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[tor-talk] Intersection of Projects [Illegal Activity As Security and Anonymity Metric]
In a long thread starting here:
On Mon, Jun 30, 2014 at 3:22 PM, Morgan Smith <tor-exit0@xxxxxxxxxxxxxxx> wrote:
> On 6/28/2014 10:01 AM, Mark McCarron wrote:
>> Anyway, we have a simple solution to this global view and hidden services. We just implement a distributed hosting solution within the Tor system and end-to-end visibility is gone.
> I'm nowhere near done sifting through this thread however Freenet may
> may already provide this kind of functionality. In the spirit of
> software doing one only and doing it well then perhaps it is good to be
> handled by a separate project.
If I recall correctly, this subthread was about people getting
shuttered because their Apache etc was insecure, and that
somehow creating [paid] hosting services for them within
relatively general purpose nets like Tor was the solution. News:
those services are still open to the same exploits, and still use
the same HS mechanism that has potential whitepaper
exploits too. Further, he [or whoever OP'd the subthread] did
not define what they meant by "distributed' or "removing 'visibility'
of one end".
Stepping back from the above specific, and re: Freenet...
I think someone else mentioned or hinted at layering to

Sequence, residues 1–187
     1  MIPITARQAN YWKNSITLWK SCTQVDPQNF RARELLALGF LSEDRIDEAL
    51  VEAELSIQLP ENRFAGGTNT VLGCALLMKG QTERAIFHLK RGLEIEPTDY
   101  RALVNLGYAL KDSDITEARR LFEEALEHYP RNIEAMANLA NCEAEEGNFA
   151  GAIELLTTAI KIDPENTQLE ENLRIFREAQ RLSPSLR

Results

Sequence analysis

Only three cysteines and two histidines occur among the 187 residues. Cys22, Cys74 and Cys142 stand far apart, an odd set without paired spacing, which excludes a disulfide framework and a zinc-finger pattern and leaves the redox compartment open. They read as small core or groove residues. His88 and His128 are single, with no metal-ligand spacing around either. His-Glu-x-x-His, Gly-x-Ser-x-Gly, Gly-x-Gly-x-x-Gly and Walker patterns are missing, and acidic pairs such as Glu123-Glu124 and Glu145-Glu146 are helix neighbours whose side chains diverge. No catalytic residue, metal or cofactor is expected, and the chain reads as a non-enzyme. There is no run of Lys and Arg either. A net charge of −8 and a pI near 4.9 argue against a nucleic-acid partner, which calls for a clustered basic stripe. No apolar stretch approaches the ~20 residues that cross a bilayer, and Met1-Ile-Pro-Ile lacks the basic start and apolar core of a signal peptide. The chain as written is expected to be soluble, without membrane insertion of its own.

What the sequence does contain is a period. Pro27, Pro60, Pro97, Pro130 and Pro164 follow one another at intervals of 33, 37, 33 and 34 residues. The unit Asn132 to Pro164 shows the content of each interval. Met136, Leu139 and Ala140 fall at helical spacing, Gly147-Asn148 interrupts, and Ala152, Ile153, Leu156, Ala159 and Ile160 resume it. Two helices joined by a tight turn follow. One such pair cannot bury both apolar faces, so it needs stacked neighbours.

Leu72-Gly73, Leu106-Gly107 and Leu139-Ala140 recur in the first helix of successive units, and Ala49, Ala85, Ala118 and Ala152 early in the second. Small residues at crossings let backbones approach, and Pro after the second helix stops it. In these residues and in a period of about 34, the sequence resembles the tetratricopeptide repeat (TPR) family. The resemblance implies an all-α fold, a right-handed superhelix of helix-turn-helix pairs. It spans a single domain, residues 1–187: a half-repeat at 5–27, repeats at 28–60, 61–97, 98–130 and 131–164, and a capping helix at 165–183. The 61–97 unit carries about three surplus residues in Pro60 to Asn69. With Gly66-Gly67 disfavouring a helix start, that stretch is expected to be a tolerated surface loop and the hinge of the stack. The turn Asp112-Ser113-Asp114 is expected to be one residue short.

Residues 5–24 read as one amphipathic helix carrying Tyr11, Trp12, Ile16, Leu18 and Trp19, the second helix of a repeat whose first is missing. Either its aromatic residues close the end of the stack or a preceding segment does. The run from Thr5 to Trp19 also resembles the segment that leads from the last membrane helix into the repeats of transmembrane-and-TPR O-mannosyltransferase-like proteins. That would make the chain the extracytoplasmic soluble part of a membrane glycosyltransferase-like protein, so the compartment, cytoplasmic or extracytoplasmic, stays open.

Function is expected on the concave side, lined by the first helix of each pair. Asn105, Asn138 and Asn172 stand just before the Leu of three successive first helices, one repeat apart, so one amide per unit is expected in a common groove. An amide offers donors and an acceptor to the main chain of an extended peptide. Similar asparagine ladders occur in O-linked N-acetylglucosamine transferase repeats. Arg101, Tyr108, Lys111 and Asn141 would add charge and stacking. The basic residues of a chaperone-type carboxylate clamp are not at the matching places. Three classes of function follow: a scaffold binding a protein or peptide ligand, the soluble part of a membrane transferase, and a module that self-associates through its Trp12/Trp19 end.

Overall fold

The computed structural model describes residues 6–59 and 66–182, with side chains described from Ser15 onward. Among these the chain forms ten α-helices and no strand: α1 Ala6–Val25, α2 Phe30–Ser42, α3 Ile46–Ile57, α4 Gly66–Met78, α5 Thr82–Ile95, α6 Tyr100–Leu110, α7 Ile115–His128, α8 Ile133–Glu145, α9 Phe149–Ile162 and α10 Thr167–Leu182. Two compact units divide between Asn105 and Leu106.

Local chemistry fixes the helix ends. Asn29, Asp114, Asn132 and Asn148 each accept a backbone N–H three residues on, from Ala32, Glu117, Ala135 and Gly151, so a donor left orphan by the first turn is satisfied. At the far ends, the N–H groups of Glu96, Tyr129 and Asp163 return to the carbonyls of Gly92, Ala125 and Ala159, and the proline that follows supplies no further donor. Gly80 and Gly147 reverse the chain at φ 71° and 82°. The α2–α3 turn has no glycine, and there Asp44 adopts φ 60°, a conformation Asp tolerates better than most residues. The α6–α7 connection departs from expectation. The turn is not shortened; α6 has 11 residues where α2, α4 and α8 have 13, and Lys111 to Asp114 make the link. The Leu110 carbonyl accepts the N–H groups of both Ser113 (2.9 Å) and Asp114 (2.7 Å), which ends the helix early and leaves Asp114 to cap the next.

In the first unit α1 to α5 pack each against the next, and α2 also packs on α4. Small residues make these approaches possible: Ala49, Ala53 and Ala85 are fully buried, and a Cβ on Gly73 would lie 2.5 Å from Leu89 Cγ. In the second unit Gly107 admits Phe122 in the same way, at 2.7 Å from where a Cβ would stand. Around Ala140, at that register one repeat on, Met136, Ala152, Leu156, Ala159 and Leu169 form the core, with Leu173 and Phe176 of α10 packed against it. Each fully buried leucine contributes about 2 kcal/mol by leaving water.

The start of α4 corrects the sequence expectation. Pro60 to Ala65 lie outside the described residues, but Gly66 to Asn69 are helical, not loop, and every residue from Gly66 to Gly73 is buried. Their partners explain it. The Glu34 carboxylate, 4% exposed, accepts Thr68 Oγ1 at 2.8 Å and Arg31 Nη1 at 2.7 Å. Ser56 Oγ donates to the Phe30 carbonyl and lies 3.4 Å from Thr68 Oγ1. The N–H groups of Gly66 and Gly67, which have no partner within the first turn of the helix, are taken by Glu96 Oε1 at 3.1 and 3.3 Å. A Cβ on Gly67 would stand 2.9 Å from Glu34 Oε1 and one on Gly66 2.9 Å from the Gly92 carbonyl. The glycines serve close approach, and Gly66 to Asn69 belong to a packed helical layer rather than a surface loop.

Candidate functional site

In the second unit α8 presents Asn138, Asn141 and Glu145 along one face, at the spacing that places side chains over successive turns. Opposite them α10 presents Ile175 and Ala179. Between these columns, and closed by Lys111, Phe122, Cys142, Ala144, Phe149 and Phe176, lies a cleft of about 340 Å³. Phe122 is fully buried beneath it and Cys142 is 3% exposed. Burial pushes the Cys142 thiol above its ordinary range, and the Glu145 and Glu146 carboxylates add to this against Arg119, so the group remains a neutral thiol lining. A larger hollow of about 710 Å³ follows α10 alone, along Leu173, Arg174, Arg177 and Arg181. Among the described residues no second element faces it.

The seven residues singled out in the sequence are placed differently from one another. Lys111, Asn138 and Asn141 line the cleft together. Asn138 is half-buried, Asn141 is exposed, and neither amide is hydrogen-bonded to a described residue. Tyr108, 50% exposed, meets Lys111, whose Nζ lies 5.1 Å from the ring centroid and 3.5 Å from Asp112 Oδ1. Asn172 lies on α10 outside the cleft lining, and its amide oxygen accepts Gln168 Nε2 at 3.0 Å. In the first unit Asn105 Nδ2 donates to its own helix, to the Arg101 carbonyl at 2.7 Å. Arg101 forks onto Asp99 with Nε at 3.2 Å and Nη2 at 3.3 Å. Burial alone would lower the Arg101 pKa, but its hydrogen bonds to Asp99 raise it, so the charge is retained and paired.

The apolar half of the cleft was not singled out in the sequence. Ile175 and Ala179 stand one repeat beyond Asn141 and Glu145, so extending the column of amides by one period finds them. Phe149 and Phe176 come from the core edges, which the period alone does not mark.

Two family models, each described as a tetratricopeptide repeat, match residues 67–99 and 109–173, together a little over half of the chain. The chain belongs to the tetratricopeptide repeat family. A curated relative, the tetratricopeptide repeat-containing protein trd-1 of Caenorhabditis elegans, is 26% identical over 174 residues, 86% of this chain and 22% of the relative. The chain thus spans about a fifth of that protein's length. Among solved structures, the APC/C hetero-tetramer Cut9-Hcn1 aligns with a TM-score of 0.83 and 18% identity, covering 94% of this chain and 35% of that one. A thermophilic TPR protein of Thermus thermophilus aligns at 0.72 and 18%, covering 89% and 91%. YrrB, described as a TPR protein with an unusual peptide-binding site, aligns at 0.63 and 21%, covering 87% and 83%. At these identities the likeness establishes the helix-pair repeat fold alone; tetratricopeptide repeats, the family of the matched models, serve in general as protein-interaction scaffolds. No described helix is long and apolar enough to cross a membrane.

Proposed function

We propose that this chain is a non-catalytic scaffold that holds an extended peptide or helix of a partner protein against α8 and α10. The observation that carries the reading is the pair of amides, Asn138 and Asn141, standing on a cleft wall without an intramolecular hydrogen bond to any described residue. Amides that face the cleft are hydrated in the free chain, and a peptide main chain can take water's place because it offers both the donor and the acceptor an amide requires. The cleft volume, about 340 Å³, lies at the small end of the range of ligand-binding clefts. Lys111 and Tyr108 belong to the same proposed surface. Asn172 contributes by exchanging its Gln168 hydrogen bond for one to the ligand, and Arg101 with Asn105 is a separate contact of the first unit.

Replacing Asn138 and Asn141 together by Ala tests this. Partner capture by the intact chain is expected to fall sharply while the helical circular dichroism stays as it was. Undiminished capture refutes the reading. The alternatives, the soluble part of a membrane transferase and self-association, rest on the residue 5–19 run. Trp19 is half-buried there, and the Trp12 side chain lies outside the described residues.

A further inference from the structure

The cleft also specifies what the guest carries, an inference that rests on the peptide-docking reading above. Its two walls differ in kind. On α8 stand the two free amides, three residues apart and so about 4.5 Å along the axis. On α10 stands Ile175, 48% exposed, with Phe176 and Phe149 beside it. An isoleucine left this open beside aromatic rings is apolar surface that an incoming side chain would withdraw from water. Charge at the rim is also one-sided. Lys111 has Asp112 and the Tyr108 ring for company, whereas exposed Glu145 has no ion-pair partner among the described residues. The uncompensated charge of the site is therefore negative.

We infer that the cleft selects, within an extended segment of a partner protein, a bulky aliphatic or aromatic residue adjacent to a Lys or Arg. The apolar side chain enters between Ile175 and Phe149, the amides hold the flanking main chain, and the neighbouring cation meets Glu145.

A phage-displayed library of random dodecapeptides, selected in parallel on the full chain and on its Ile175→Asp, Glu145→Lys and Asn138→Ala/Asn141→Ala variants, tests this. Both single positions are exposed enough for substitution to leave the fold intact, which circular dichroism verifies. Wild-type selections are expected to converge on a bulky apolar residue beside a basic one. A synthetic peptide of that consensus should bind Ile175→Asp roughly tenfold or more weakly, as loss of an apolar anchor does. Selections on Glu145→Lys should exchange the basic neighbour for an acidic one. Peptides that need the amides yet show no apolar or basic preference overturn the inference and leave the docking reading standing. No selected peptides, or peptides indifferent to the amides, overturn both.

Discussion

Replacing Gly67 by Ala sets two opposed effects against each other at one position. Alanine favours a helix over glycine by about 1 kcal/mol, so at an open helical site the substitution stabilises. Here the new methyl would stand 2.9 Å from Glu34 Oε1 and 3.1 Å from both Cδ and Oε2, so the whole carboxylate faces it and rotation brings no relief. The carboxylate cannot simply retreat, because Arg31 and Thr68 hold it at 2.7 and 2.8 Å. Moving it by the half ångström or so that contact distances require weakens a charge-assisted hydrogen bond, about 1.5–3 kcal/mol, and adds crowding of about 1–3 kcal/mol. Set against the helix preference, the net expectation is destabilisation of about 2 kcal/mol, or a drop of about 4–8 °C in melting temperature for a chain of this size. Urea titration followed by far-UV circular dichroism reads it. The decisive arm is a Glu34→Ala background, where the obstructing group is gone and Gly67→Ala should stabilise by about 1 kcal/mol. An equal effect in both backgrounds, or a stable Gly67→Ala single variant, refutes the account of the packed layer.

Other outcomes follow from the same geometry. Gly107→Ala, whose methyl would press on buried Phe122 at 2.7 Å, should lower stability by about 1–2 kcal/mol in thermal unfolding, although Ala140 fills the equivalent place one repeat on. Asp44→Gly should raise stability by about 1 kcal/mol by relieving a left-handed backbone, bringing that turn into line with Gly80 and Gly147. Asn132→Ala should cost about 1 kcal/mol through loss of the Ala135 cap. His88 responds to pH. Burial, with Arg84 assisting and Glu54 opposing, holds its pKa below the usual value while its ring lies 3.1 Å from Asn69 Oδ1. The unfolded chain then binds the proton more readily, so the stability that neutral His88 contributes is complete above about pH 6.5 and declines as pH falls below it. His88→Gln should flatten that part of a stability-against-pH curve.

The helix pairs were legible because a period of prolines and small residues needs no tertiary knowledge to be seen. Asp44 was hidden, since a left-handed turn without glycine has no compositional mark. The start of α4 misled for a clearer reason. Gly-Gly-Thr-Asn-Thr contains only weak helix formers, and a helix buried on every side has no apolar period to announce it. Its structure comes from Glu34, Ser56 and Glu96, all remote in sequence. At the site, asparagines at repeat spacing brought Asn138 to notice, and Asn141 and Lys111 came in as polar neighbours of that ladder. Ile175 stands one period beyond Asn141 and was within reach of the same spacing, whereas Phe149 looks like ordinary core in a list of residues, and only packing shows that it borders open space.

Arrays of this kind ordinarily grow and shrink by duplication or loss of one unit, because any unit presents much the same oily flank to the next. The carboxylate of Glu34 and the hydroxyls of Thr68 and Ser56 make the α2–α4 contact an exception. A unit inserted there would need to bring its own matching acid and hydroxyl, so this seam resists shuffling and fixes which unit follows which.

enhance things. Yes, interestingly you can in fact
layer some systems upon general anonymous transports,
especially if they offer IP transport. ie: Use Tor/I2P
with onioncat, cjdns, phantom... layer tahoe+lafs,
freenet, messaging, Bitcoin, torrent, etc on top. Gnunet,
MaidSafe and others I missed probably fit somewhere too.
Mash it up however you like. (Excepting where they did not
coordinate their collision spaces, such as in IPv6 addressing).
It tends to be complex, slow and fraught with timeouts,
but some combinations work ok.
At some point you must regularly sit back from your own
project or usage and take time to categorize all the systems
out there, what they are good and bad at, and then admit
to yourself (or as a user) whether layering is valid... or more
importantly, whether you should merge forces with other projects
to, up to and including, scrapping old and writing new projects
that provide both user utility and resistance against attacks
of interest. Or is your usage the best it can be? Can you in fact
create an all in one tool? Or can you create a well defined
intersection amongst projects / tools such that their layered sum
equals coverage against all attack classes, or the subset you're
interested in or subject to. And can you create a similar intersection
matrix for the services offered (web, messaging, storage) by such
networks. Can you coordinate research, structure and promote
projects in such a way as to cooperatively and formally provide a
complete set of resistance and services?
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